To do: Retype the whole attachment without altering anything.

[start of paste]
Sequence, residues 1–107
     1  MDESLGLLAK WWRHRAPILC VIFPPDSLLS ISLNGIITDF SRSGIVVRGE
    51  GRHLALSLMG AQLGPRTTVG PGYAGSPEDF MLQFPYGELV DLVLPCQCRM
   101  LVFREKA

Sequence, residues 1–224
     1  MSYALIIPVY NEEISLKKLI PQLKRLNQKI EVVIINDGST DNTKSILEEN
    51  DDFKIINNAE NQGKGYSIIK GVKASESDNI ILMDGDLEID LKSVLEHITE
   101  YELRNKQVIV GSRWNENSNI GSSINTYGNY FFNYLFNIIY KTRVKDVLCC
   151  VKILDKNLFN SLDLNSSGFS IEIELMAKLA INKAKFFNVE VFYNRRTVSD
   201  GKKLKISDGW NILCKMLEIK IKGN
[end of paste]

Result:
Sequence, residues 1–107
     1  MDESLGLLAK WWRHRAPILC VIFPPDSLLS ISLNGIITDF SRSGIVVRGE
    51  GRHLALSLMG AQLGPRTTVG PGYAGSPEDF MLQFPYGELV DLVLPCQCRM
   101  LVFREKA

Sequence, residues 1–224
     1  MSYALIIPVY NEEISLKKLI PQLKRLNQKI EVVIINDGST DNTKSILEEN
    51  DDFKIINNAE NQGKGYSIIK GVKASESDNI ILMDGDLEID LKSVLEHITE
   101  YELRNKQVIV GSRWNENSNI GSSINTYGNY FFNYLFNIIY KTRVKDVLCC
   151  VKILDKNLFN SLDLNSSGFS IEIELMAKLA INKAKFFNVE VFYNRRTVSD
   201  GKKLKISDGW NILCKMLEIK IKGN